New York’s John F. Kennedy International Airport is no longer ranked among the 20 busiest in the world, thanks to the rush in Asia.
Among those pushing out JFK was New Delhi’s Indira Gandhi International Airport that made its debut on the table last year at No. 16, according to Airports Council International rankings released Monday. The Indian airfield was also the fastest-growing on the list, with passenger growth at 14 percent, followed by the 10 percent clip at China’s Guangzhou, which climbed two notches to No. 13.
World aviation’s center of gravity is continuing its eastward shift, with China and India poised to feature among the world’s top three air-travel markets by 2020 as rising incomes make fares more affordable, Montreal-based ACI said. Asia Pacific is likely to have 3.5 billion passengers by 2036, adding more than double the forecast for North America and Europe combined, according to estimates by the International Air Transport Association.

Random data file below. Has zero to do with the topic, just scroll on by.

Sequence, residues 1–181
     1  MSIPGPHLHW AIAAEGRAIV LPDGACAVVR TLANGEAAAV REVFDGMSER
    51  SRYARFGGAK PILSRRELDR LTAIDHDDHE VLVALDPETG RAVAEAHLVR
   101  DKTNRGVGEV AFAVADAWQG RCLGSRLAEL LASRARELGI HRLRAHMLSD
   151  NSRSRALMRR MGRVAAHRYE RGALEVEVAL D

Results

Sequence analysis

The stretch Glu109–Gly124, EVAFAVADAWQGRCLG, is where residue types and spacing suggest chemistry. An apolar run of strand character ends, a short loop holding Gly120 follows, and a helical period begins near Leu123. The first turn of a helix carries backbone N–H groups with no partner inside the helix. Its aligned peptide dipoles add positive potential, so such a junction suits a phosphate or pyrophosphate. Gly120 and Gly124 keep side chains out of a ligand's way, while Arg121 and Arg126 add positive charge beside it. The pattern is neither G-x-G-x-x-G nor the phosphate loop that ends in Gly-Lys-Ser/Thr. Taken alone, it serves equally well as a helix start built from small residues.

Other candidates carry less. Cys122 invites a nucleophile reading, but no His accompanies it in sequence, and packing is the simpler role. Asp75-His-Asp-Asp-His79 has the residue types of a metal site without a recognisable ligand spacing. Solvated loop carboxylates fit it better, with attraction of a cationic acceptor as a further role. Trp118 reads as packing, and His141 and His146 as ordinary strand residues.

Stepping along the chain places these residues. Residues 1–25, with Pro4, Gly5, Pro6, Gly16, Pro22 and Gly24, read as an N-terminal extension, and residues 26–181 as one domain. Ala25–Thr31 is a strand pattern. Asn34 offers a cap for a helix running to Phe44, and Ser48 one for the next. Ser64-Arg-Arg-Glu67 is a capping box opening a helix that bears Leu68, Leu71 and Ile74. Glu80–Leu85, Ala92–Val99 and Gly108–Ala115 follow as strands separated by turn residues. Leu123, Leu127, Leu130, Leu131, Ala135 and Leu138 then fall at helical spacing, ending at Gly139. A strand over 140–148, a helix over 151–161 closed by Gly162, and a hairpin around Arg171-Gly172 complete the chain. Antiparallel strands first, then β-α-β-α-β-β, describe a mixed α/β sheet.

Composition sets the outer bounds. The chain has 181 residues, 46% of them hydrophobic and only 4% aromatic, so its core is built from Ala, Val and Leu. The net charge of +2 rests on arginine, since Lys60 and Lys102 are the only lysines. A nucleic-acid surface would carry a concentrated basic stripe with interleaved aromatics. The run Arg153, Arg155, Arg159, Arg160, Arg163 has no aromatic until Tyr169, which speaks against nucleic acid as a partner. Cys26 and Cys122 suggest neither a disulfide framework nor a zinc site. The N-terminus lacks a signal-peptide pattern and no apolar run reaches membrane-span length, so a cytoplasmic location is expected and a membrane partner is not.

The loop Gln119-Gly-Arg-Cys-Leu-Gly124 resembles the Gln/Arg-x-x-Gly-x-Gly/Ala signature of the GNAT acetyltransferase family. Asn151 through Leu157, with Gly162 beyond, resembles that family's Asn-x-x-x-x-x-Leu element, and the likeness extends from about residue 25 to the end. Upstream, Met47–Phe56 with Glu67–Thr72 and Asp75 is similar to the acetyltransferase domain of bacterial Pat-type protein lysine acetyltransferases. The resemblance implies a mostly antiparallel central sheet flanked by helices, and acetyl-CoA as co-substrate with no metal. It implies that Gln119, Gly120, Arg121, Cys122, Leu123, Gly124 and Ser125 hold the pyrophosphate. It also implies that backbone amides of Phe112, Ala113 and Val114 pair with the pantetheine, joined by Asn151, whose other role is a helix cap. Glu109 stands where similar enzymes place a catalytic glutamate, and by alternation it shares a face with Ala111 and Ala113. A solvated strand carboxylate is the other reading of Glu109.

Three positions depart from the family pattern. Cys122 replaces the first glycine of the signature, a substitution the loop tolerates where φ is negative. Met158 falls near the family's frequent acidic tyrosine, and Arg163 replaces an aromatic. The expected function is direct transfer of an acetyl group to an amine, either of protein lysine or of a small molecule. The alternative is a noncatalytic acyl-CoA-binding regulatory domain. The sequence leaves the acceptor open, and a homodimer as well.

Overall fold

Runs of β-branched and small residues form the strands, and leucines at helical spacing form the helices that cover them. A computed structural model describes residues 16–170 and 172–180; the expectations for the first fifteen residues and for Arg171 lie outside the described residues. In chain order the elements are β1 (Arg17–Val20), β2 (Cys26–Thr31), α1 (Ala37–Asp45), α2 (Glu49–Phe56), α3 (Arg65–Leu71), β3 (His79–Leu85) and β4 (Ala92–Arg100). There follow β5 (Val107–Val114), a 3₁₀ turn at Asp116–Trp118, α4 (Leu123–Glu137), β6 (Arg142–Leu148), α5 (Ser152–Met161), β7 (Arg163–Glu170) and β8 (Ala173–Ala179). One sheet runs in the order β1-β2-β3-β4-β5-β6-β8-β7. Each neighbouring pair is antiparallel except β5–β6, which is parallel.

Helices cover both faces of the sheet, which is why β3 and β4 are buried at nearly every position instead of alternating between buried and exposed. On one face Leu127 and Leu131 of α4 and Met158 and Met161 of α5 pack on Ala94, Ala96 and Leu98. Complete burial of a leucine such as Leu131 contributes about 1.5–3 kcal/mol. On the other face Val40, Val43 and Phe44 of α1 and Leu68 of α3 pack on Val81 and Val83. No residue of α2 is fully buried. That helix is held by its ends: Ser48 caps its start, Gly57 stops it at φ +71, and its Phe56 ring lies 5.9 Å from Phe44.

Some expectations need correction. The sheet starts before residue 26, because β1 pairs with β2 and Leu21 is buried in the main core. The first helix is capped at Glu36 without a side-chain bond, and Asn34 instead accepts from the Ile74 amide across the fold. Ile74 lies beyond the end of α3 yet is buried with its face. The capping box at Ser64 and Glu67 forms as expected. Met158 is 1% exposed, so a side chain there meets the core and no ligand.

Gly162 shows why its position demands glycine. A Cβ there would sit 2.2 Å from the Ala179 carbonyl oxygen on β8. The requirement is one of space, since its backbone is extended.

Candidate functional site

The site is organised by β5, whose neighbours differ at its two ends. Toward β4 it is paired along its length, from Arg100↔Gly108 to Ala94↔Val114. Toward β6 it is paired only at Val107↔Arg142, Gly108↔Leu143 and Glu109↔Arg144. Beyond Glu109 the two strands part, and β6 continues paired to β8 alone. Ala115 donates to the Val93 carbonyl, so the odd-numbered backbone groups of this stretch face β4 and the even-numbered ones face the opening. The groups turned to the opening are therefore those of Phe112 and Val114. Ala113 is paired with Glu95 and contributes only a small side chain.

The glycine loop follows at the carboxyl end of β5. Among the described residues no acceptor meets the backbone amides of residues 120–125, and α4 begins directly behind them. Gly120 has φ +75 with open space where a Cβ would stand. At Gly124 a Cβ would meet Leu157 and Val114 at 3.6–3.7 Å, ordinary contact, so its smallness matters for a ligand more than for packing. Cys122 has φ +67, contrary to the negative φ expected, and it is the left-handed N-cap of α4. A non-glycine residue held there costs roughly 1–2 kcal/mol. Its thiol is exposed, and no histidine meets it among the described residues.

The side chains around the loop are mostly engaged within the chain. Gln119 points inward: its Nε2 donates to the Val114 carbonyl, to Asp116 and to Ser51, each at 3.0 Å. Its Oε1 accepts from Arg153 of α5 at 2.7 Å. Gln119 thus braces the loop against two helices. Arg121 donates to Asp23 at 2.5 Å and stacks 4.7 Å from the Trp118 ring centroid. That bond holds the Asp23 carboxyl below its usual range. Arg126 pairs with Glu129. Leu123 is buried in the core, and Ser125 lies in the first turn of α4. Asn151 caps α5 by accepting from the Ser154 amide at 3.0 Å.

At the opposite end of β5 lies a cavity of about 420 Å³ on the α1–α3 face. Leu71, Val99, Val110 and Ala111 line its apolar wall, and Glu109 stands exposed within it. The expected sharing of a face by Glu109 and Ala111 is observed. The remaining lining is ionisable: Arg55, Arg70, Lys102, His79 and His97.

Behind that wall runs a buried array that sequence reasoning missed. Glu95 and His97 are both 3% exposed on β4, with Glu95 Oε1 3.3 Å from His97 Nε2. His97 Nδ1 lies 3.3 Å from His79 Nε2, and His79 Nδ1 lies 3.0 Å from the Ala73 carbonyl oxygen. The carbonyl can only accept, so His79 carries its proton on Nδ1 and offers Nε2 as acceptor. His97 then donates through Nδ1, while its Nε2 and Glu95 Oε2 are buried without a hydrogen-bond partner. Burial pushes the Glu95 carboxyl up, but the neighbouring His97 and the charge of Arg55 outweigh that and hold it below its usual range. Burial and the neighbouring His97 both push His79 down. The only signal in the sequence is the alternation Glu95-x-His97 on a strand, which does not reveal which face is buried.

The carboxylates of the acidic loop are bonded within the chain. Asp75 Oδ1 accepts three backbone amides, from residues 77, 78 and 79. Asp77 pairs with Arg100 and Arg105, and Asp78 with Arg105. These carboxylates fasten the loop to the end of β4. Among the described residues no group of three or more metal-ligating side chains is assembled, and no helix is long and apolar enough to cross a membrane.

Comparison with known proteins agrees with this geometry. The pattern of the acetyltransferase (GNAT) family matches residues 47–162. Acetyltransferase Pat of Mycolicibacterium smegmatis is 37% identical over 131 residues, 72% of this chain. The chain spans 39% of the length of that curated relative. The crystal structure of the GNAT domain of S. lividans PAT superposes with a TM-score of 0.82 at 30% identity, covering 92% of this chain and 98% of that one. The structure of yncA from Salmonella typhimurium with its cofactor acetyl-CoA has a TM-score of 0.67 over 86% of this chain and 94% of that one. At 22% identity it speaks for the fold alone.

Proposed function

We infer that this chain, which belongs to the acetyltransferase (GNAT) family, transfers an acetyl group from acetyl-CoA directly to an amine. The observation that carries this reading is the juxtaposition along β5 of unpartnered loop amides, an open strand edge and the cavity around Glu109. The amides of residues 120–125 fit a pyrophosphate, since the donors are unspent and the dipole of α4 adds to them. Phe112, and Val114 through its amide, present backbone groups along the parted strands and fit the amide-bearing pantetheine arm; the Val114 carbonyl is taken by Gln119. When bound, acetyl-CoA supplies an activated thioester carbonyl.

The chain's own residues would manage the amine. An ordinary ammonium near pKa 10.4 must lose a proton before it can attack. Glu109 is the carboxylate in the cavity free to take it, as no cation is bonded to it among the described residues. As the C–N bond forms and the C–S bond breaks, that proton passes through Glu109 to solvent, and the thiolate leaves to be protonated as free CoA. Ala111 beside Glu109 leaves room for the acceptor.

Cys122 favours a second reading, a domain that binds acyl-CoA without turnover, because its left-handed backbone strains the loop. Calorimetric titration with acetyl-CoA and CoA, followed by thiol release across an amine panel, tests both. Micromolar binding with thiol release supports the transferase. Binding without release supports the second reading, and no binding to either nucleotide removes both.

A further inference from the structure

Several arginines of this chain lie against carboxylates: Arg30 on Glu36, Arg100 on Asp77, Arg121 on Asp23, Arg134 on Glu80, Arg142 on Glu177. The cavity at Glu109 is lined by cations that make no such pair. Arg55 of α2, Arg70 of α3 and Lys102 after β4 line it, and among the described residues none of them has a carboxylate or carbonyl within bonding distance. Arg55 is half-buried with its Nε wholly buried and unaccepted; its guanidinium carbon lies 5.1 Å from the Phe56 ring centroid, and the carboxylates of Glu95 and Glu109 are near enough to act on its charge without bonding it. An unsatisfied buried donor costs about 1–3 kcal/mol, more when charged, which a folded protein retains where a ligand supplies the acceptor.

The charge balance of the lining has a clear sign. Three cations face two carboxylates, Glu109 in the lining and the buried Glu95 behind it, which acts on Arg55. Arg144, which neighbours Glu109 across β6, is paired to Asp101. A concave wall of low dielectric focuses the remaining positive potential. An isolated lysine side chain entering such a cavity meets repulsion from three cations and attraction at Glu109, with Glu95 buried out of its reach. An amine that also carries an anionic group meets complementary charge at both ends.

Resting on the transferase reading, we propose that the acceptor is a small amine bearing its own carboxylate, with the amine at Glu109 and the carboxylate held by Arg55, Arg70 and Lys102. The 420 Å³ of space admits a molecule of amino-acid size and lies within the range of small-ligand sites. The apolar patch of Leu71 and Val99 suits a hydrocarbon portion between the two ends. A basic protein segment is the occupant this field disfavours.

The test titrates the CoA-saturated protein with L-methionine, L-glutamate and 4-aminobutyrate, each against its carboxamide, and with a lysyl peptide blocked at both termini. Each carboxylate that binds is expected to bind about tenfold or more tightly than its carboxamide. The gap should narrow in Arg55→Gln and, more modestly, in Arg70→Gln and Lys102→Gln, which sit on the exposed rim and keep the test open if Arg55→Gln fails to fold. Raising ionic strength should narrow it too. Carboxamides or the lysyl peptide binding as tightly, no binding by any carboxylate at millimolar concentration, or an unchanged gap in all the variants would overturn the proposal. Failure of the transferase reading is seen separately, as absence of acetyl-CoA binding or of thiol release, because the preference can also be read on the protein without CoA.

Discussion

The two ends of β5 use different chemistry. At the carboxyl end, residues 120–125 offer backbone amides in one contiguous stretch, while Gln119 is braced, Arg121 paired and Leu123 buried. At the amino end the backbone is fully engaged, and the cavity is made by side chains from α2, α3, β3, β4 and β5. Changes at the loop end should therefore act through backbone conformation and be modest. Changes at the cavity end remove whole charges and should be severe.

To cater to that explosion in demand, about half of the $1 trillion budgeted for airport expansions and upgrades around the world are expected to be spent in Asia, Sydney-based CAPA Centre for Aviation estimates.
Efforts by Chinese airlines to add more direct flights to the U.S. and Europe stoked passenger traffic at second- and third-tier airports last year, ACI said. Travel demand in China is expected to add 3 billion more passengers by 2040, representing 21 percent of the projected global passenger traffic growth, it said.
Other ACI highlights:
- Atlanta, still the world’s busiest airport, was the only one among the top 20 to report a decline in passenger traffic
- In China, Tianjin airport reported 25% more passengers last year; Nanjing 15.5%, and Xian 13%
- In India, passenger traffic in Kolkata (formerly Calcutta) jumped 27%, while Hyderabad saw a 20% gain and Bangalore, 13%
- Dubai was the world’s busiest for international passengers, followed by London’s Heathrow and Hong Kong
- For air cargo, Hong Kong took the top place, with Memphis and Shanghai coming in second and third
©2018 Bloomberg L.P.